We were seeing intermittent failures with NFS, particularly when a user would send a large file to the NFS client machine. From that point on, all access to the directory caused the accessing process to hang.
Analysis with tetherial showed that the NFS client was send many retransmits to the NFS server, which was never responding. As it happens, NFS uses UDP by default. Watching both ends of the connection, it became clear that packets were being dropped somewhere inbetween.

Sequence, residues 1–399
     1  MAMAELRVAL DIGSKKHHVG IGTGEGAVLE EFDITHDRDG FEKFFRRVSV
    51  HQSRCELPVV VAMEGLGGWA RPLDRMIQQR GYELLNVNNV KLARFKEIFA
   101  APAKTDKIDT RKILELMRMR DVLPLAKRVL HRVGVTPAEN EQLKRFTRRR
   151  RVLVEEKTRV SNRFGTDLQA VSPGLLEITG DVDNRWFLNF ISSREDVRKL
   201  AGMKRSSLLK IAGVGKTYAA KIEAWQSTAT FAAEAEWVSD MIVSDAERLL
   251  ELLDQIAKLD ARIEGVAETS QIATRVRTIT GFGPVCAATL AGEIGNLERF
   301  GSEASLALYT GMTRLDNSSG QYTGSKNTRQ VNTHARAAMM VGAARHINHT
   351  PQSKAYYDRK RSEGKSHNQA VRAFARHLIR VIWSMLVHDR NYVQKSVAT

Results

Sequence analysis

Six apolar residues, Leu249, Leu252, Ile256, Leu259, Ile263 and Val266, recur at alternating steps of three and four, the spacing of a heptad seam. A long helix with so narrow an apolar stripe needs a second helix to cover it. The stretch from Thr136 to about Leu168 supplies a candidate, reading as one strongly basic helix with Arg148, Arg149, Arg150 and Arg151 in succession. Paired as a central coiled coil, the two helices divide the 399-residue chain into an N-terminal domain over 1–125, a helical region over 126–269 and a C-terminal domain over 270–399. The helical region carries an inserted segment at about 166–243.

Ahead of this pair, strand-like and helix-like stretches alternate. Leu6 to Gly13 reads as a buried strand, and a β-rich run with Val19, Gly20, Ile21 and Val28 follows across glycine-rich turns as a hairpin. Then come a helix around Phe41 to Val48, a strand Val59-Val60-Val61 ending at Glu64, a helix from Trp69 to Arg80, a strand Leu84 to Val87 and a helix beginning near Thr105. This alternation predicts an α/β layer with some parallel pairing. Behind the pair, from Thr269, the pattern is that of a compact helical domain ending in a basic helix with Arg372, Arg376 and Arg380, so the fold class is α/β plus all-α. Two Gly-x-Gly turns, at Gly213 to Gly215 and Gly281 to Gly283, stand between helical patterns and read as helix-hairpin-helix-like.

The solution to this was to mount NFS with TCP, rather than UDP, since we have no control over the intervening network and its (probably numerous) firewalls. To do this you need to make sure TCP/NFS is configured into your kernel, and then just specify the tcp option to mount.
If you're using automount for home directories and such, you might modify your auto.home file to look something like
--- auto.home 2005-07-15 16:46:57.000000000 +1000 +++ auto.home.new 2005-07-15 16:46:45.000000000 +1000 @@ -1 +1 @@ -* eisbock.ken.nicta.com.au:/home/& +* -tcp eisbock.ken.nicta.com.au:/home/&
The other solution was to tunnel the NFS connection via SSH, or maybe a VPN.
In summary; if you're asked to debug an unreliable NFS server, checking for UDP packet loss or switching over to TCP is a good place to start.